I've only ever seen 3 IMAX films and this is one of them. I was totally blown away by the incredible sound and photography. I had to study every shot because there is so much in it.It's not actually a movie like other IMAX films (such as Across the Sea of Time and T-Rex) but more of a documentary about how we are all islanders and how we live because the sea lives. It was surprisingly effective in this sense. My fave part was the discovery of the new underwater fish and the fish that had, what looked like, thousands of little lights flashing on and off.A scene with a boat fighting waves and crashing back down onto the sea was better than anything in The Perfect Storm. The sound in this particular scene is IN-CRED-IBLE.Whenever you pass by an IMAX check to see whether or not they are showing this masterpiece. You'll love it.
I picked this up at our library because it looked slightly interesting, and we're going on a beach vacation soon. ...WOW! It is so good!! I've watched it three times now, and took it to a get-together for other family members to watch it, and they all really enjoyed it as well, especially "The Making Of" segment. Our 2-yo was mesmerized, and we all appreciated the very unique, entertaining, beautiful footage. It was originally shot for IMAX theaters, which must have been perfect! I recommend watching it on the biggest screen possible, with the lights out. Our favorite parts... Time-lapsed footage of 30-foot tides in Canada: watch the harbor drain until the big boats are sitting on mud, then it fills back up again! Sped-up footage of boats zipping across the water, people on the beach: humorous.Surfers and huge waves in Hawaii: really captures the feeling of surfing, and their passion for the ocean.Coast Guard boat jumping and crashing through enormous waves at Cape Disappointment.The music by Sting, with tweaked instrumentals, really fits!Islander Dad with his two kids in a speed boat, cruising at high speeds under rock formations, and skimming the beautiful shores.The fact that there were no actors, just real people like the dad, and a woman's first time snorkeling with jellyfish and descending into poisonous depths of a salt-water lake.THE MAKING OF... where the producers talk about difficulties they had with different shots, dangers they faced in several scenes, cost of production, orchestrating the soundtrack, and reason for making this film.Their reason for making this film, for putting their heart and soul into it, was in the hopes that people who watch it will fall in love with the sea, and therefore want to protect it. As they said, "there is only one ocean," and it encompasses such a majority of the earth that no matter where we live, "we are all islanders."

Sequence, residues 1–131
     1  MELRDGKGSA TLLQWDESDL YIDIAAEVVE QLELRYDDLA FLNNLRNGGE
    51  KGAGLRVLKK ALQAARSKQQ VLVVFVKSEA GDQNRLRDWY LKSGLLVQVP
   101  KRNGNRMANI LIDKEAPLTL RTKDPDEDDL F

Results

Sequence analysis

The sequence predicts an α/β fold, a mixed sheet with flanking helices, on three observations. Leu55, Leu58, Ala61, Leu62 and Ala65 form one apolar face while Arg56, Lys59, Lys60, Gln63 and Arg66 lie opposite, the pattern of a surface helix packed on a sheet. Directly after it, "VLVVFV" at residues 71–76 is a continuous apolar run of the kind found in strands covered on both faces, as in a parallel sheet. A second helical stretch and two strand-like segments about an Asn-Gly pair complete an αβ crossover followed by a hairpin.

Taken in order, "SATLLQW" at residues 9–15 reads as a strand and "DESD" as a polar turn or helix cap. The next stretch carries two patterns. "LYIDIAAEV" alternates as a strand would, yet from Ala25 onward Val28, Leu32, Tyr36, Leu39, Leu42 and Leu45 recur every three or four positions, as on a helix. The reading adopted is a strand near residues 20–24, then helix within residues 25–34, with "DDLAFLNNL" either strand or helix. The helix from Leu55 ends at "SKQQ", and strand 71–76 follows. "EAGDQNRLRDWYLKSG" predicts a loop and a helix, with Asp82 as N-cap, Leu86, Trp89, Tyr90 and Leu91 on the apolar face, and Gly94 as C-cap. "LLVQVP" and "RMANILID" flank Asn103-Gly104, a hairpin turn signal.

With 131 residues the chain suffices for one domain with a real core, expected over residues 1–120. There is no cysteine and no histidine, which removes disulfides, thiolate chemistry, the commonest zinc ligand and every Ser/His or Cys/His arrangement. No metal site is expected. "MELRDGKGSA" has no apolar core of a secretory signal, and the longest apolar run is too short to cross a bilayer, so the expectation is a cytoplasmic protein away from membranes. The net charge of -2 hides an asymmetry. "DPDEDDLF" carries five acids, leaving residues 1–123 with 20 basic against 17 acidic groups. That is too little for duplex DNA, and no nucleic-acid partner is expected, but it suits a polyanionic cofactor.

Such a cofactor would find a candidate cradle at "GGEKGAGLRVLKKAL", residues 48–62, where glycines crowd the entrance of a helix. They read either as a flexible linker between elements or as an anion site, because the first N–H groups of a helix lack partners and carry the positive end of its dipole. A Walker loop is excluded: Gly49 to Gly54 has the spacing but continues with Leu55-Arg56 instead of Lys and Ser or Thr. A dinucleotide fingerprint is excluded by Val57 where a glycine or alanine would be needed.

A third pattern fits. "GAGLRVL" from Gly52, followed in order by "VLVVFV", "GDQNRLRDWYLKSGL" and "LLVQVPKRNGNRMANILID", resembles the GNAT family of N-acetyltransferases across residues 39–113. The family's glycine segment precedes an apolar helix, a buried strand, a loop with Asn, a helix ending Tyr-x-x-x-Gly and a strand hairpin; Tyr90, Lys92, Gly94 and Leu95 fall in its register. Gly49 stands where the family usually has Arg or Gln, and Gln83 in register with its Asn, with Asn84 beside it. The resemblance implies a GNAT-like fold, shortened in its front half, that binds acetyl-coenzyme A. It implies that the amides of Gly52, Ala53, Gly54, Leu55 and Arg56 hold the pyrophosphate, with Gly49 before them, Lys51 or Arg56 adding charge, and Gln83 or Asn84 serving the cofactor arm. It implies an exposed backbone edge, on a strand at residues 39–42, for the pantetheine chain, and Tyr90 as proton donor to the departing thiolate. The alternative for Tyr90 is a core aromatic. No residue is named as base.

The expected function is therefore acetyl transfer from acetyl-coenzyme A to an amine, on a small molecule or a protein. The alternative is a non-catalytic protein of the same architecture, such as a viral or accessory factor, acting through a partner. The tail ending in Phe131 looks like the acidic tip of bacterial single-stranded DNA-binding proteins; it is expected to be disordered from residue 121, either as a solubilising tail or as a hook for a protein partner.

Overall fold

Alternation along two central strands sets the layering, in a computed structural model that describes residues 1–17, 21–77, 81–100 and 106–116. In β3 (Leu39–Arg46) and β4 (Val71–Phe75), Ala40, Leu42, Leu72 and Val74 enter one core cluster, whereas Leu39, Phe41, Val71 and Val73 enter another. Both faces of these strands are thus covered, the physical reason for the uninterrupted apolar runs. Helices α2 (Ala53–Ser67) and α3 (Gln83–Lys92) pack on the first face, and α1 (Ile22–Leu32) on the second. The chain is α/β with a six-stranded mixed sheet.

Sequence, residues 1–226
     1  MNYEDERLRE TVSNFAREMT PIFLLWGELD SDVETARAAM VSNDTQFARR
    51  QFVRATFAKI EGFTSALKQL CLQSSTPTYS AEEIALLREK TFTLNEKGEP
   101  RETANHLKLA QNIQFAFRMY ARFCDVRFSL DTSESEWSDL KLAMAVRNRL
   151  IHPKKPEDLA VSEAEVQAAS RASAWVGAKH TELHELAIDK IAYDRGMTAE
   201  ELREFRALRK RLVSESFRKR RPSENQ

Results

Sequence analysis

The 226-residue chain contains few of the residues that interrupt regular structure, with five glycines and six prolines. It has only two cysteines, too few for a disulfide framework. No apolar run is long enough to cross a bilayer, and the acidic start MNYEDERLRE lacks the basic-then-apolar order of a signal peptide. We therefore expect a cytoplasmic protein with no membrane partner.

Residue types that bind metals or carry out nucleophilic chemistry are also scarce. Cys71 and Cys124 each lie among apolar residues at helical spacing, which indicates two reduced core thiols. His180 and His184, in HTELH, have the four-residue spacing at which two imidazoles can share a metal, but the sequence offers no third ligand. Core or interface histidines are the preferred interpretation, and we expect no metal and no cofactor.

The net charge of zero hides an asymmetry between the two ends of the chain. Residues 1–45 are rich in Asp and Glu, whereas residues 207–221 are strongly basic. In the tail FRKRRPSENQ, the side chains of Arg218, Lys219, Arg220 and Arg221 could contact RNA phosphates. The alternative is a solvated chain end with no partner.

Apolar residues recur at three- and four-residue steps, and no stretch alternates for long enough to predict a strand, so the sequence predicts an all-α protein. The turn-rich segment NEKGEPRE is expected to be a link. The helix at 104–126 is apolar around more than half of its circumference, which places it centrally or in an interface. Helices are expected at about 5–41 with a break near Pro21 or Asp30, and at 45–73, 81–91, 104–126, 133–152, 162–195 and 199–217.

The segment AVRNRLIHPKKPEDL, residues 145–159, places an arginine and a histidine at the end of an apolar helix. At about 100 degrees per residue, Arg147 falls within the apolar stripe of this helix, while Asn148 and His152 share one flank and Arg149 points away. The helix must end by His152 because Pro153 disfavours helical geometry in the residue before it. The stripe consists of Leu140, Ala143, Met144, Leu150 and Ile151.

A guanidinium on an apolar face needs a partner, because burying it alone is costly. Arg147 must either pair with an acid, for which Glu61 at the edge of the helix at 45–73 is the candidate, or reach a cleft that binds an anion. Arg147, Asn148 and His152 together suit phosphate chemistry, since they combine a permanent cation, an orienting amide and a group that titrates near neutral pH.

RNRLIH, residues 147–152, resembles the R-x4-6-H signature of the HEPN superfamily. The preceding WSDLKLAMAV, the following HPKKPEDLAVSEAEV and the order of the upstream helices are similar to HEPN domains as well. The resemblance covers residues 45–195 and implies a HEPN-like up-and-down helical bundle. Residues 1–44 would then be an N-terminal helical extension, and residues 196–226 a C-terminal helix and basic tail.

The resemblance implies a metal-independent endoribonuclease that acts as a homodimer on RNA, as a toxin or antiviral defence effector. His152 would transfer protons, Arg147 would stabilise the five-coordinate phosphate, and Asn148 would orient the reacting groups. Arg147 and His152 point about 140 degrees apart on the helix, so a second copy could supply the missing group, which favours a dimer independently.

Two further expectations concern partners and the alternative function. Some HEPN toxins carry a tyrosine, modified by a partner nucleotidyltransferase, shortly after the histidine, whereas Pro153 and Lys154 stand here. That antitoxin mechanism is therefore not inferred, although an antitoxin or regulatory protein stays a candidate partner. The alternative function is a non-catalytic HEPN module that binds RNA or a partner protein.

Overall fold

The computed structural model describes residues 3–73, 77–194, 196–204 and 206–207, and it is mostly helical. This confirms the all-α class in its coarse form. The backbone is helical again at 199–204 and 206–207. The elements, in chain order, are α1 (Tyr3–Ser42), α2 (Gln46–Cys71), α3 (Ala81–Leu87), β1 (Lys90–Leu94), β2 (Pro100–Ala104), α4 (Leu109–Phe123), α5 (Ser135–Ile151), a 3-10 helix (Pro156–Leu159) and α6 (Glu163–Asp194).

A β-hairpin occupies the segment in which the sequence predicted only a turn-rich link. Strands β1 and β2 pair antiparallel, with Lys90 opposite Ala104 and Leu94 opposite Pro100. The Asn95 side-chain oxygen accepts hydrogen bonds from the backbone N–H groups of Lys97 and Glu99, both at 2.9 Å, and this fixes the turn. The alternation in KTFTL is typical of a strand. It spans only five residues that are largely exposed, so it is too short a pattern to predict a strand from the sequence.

I am an avid fan of the IMAX format, but rarely have I ever been a fan of any IMAX film. This is the one IMAX film that I feel has used the advantages of the format in nearly every shot, and besides that, it is an elegantly produced little film. Extremely beautiful, with many highlights. It is a must-see for all those who've never been exactly impressed by anything at an IMAX show (although the 'industry' is working overtime in amping up this cinema-sideshow - they promise it will be the 'next big thing' in movies). DON'T WATCH IT AT HOME.
A fascinating look at how the oceans of the world impact the Earth. Facts like "70% of the Earth's oxygen comes from ocean plants." Great soundtrack from sting that compliments the film and each story. While not as impressive watching it at home as it is in an IMAX theater, it is still well worth a look at.
Meryl Streep narrates the sweeping visual that emphasizes the value of our world's oceans, and how they and the life thriving within depends on us to maintain their majesty. Through research, casual observance, reverence and daily life we are shown how the oceans are interconnected, and that life can be found in even the darkest corners of the sea.I first saw this IMAX film 13 years ago in the Denver Museum of History and Science, and was floored by how beautifully filmed it was. And the film is well paired with songs from Sting, especially the song 'Fragile'.